Measles count in US this year already more than all of 2018

FILE - This Wednesday, March 27, 2019 file photo shows a sign explaining the local state of emergency because of a measles outbreak at the Rockland County Health Department in Pomona, N.Y. Measles is spread through the air when an infected person coughs or sneezes. It's so contagious that 90 percent of people who aren't immunized are infected if exposed to the virus, according to the Centers for Disease Control and Prevention. (AP Photo/Seth Wenig)

NEW YORK (AP) — The number of U.S. measles cases through the first three months of this year have surpassed the count for all of 2018, health officials say.

There have been 387 cases through March, the Centers for Disease Control and Prevention reported Monday. There were 372 last year.

The numbers are preliminary, and may change. But the 2019 tally is already the most since 2014, when 667 were reported.

This year’s numbers have been driven by outbreaks in several states, including New York, California, Illinois, Texas, and Washington.

Most people who get measles have not been vaccinated. In the U.S., most outbreaks are sparked by travelers who picked up the virus in countries where measles is more common. Nearly 83,000 people contracted measles in Europe in 2018, the highest number in a decade, according to the World Health Organization.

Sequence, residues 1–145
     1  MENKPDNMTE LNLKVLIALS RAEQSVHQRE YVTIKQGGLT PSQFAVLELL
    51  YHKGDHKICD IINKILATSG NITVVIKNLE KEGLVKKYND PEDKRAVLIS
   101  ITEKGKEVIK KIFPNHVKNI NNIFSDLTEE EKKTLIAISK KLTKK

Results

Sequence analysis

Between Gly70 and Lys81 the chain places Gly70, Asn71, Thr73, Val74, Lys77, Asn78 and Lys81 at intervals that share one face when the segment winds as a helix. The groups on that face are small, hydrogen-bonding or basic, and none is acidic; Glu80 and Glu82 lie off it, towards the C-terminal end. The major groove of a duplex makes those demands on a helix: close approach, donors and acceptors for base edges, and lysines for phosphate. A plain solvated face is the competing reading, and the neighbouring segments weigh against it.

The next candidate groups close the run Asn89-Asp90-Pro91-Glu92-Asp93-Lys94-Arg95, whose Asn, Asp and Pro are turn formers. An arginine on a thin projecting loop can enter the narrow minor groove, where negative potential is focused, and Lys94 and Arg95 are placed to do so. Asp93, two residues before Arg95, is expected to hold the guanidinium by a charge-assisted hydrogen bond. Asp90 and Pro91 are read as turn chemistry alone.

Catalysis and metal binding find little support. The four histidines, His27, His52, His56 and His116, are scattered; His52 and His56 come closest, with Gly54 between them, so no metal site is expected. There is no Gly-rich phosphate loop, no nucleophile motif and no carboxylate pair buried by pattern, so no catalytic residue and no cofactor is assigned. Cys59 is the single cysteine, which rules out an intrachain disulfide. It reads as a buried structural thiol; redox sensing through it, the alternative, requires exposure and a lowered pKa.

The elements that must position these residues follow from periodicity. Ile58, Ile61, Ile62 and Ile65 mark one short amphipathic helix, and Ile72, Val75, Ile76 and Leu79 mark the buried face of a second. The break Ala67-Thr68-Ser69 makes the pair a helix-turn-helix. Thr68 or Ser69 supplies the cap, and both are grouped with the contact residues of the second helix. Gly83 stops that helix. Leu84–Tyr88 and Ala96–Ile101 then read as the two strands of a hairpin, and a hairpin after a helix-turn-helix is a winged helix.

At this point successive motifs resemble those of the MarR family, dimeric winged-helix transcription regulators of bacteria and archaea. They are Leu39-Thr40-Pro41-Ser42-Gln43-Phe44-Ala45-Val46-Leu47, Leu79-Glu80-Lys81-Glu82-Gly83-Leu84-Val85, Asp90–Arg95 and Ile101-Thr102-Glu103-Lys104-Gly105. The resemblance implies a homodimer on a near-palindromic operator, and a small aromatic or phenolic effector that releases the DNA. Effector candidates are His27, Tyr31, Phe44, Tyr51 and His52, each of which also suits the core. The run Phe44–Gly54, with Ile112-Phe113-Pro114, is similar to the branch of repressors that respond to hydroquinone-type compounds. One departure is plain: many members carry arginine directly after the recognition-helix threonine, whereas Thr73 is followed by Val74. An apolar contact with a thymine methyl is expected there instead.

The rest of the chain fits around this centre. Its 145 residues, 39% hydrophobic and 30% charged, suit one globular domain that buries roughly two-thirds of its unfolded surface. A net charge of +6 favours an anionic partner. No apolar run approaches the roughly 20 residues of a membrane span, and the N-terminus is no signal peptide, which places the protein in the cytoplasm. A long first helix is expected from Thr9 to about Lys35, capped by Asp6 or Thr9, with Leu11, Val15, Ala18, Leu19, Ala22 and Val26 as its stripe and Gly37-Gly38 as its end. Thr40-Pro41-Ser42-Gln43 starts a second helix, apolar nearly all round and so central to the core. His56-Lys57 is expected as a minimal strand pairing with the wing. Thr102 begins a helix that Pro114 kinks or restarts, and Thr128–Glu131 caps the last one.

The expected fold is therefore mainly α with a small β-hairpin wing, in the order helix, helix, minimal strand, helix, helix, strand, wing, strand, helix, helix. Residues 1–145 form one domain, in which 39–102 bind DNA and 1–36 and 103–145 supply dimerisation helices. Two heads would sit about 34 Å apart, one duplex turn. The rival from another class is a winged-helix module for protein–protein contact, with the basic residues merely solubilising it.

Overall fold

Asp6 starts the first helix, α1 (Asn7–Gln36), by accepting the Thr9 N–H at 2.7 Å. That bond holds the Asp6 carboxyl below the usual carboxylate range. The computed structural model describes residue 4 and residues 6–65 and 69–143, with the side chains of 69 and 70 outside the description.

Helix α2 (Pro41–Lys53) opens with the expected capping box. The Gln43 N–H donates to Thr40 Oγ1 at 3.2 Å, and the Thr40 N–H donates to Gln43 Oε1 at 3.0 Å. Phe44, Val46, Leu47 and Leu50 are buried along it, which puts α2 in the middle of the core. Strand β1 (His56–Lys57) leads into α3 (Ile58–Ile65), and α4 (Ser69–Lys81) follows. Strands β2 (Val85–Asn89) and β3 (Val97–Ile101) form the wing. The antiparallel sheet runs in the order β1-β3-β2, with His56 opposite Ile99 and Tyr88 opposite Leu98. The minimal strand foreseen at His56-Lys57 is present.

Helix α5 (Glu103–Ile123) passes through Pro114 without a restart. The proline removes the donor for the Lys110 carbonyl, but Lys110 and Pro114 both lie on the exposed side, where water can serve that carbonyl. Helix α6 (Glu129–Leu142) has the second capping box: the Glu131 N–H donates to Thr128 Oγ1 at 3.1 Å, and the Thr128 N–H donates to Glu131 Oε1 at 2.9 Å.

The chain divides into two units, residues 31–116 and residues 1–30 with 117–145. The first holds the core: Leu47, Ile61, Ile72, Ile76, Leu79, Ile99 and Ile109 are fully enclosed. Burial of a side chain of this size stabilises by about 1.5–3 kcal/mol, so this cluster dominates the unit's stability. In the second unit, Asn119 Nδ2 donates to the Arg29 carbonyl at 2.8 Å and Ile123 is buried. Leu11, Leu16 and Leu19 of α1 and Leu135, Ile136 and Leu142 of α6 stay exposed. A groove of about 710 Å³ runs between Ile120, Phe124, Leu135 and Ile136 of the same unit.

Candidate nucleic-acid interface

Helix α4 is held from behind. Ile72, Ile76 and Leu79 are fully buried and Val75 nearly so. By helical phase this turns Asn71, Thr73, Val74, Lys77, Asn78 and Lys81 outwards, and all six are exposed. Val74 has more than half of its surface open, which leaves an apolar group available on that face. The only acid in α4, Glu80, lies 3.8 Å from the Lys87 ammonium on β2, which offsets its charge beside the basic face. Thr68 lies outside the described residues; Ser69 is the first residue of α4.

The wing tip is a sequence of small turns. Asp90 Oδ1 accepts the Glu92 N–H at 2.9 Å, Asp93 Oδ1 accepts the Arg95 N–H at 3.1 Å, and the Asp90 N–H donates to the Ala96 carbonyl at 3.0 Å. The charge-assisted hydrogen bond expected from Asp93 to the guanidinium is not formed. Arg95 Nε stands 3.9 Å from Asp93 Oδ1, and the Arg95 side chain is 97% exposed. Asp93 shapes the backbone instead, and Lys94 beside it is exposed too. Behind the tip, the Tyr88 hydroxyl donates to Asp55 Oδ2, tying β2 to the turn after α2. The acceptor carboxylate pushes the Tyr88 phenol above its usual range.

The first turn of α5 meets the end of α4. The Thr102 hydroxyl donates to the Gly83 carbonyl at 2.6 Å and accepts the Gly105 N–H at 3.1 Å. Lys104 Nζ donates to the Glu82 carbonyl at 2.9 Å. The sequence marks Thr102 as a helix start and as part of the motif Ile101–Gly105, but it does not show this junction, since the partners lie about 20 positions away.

The measles vaccine is 97% effective, according to the CDC.

Measles is spread through the air when an infected person coughs or sneezes, and it is extremely contagious.

For most people, measles is miserable but not life-threatening. The most common symptoms include fever, runny nose, cough, and a rash all over the body. However, a very small fraction of people get much sicker, and can suffer complications like pneumonia and swelling of the brain. Also, measles can cause pregnant women to deliver prematurely.

There have been three measles-related deaths reported in the U.S. since 2000, including two in 2003 and one in 2015.

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The Associated Press Health & Science Department receives support from the Howard Hughes Medical Institute’s Department of Science Education. The AP is solely responsible for all content.

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